A cough suppressant called Noscapine is studied for its anti cancer properties. A research student at Emory University School of Medicine in Atlanta, Georgia has shown that this opioid drug reduced the size of melanoma tumors by 85% within a three week period in mouse models. These results were seen without any signs of toxicity to the host. Similar results were even seen when the drug was taken orally with water.
Another set of tests were later studied and showed that a combination of a chemotherapy agent called Paclitaxel and Noscapine. These results showed the same 85% tumor inhibition as when Noscapine was solely administered. This allowed this particular researcher to conclude that Noscapine does in fact significantly inhibit the progression of melanoma cells with no detected toxicity.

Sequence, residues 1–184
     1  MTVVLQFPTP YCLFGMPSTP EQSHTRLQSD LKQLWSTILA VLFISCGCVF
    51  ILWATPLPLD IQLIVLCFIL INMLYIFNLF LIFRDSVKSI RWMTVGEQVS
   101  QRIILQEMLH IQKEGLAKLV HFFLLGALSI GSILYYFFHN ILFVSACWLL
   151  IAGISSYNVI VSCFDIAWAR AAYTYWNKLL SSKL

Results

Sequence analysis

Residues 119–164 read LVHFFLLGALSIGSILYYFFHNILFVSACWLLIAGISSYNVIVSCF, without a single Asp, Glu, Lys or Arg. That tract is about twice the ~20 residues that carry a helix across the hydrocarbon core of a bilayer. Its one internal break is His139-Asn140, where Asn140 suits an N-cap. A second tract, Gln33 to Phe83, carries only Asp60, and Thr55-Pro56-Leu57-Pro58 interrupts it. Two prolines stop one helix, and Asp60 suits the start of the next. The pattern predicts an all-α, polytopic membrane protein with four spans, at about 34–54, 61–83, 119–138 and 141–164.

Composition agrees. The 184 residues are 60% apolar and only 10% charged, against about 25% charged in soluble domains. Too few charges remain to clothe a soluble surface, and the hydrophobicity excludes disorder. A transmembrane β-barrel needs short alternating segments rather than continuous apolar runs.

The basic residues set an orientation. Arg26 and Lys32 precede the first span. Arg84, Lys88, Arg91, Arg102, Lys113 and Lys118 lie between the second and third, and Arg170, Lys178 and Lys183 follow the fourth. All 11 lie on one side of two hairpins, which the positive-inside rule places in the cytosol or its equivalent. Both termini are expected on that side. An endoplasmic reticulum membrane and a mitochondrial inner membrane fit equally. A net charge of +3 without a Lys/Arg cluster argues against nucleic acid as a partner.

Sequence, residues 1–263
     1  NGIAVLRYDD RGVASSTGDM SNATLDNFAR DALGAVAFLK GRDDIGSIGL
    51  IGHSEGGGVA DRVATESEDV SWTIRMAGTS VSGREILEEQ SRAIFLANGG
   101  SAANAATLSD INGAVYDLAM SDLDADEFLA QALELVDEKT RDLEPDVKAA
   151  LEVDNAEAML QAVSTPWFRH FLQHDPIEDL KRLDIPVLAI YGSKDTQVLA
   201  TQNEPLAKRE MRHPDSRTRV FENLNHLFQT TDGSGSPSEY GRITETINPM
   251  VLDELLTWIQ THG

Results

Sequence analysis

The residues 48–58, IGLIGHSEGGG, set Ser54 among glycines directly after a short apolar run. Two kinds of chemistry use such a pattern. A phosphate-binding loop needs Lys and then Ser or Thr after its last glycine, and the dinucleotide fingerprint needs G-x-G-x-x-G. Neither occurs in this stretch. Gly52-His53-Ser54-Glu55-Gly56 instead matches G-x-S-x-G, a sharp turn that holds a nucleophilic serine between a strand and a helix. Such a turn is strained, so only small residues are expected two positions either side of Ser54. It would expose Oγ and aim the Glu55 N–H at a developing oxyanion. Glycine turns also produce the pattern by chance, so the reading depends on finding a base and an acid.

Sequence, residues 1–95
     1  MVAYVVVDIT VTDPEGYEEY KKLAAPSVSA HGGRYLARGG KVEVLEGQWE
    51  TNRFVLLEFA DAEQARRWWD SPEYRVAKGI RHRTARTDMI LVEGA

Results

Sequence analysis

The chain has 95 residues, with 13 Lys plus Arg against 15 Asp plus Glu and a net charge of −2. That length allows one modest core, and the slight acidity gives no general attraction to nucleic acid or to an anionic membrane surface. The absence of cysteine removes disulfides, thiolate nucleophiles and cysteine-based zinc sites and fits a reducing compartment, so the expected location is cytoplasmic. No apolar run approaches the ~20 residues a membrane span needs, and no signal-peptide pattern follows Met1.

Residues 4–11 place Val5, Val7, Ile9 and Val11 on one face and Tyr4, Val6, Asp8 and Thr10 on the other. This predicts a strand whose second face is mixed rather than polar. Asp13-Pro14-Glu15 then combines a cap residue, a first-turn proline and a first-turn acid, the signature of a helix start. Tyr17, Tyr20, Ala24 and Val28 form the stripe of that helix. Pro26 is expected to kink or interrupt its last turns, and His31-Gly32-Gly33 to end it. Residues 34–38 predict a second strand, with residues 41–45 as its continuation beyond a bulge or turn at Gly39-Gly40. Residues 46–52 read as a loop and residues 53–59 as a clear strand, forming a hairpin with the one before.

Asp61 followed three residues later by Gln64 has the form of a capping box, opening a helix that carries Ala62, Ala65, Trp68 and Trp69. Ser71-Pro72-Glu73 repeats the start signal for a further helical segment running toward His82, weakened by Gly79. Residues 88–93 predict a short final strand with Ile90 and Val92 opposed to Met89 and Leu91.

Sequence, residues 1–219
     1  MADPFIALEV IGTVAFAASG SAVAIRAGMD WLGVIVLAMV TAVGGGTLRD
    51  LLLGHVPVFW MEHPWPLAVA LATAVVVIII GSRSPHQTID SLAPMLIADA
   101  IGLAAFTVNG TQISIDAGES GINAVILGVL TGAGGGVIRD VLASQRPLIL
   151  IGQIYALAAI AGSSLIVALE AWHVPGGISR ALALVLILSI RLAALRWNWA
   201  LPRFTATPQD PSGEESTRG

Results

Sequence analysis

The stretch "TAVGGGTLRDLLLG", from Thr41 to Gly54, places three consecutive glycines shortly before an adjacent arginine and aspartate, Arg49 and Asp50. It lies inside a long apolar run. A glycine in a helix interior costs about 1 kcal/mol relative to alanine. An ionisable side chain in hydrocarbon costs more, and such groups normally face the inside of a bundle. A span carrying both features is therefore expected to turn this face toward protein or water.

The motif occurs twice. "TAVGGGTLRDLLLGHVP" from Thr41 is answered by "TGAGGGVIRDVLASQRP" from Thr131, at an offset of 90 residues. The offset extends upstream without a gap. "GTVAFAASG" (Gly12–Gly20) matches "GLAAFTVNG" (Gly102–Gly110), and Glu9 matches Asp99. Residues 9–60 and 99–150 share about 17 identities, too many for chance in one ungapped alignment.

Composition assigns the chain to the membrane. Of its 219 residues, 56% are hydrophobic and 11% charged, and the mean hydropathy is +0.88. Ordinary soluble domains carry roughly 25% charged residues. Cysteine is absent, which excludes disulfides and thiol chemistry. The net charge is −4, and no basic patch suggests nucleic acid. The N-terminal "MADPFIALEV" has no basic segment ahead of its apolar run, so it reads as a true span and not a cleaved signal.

This drug has similar effects as taking Vitamin C. Among other aspects, it inhibits the production of HIF-1 which is required for cancer cells to survive.
Why is Noscapine not available as an anti cancer drug?
Great question! This drug has already been patented and approved for use in many countries including the United States as a cough suppressant. Emory University currently holds the patent with slight modifications for this drug as an anti-cancer drug. They are seeking corporate sponsorship but most larger companies are put off. Since it is already patented as a cough suppressant they won't retain sole rights to the new drug.
More information can be found here:
Studies show that the cough suppressant Noscapine is shrinking tumors in Malignant Melanoma patients.